The others laughed good-naturedly while I feigned annoyance.
The pleasant atmosphere lasted for the rest of the dinner.
Shortly after dinner, Grandfather retired to his room, but not before telling Dominic very sternly that the latter must sleep alone in a separate room.
Dominic had displayed the utmost patience with Grandfather throughout the day, agreeing to whatever he said with a serene smile or nod. Upon hearing that he and I were to sleep in separate rooms, however, there was an almost imperceptible downward turn of his mouth.
I almost laughed out loud as he struggled to rein in his reluctance. Good job, Grandpa!
The night was still early for a night owl like me. Unfortunately, being in the countryside meant there were limited entertainment options. Having nothing else to do, I pulled Dominic out of the house and into the front porch to do some stargazing.
The night was clear. Free from light pollution, the dark canopy above us was covered by thousands of twinkling lights.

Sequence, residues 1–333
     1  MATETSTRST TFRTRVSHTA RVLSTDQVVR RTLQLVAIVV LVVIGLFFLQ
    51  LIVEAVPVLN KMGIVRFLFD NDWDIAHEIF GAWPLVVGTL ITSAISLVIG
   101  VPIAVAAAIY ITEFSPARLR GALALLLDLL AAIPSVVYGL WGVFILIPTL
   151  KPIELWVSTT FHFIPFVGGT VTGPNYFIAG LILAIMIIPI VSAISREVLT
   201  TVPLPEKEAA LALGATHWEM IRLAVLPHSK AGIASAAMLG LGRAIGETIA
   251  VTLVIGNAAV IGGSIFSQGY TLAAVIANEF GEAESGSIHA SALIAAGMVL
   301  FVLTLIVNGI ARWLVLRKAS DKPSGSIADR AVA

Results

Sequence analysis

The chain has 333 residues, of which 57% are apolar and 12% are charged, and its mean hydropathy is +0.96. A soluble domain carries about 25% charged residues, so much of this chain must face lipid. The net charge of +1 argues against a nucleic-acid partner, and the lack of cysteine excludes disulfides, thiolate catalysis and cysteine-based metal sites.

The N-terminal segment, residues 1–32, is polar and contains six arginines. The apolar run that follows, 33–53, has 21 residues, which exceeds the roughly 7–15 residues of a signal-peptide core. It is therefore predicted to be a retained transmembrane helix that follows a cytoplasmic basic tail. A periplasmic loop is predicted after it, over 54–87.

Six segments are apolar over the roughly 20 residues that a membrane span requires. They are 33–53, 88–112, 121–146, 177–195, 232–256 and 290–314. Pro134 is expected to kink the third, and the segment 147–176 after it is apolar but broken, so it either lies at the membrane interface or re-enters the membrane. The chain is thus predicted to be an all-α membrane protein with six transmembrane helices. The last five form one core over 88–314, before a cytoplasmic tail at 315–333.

“It’s beautiful, isn’t it?” I breathed. “The city life is great, but sometimes it just lacks this kind of simplistic beauty, don’t you think?”
“You and your melodrama.”
I elbowed him. “You’re just saying that because you don’t know how to appreciate such beauty.”
He fell silent. It was moments later when he spoke again. “I’ve taken you to see the stars before, but I don’t remember you being so appreciative of the sight.”
Before? I searched my memory and finally found the answer. We had gone traveling once, back when we were still together, and he had taken me to a spot perfect for stargazing. Oh… I think this is the first time since we reconnected that he has brought up our shared past.
He was right, too, in saying that I had not been as appreciative of the starry sky as I was now. How could I have been, when all I had eyes for under the curtain of starlights was him?
“Dom, do you mind coming over here for a minute?” my mom called from inside the house. “I want to show you your bedroom.”
Dominic replied in the affirmative and went indoors.
Not long after he was gone, I heard the ringtone of his cell phone, which he had left on the chair next to me.
Taking the phone, I was about to deliver it to him when my fingers accidentally pressed the pickup button on the screen. Oops…
It was an unknown number. Thinking that it might now be too rude to hang up without a word, I placed the phone to my ear and greeted the caller.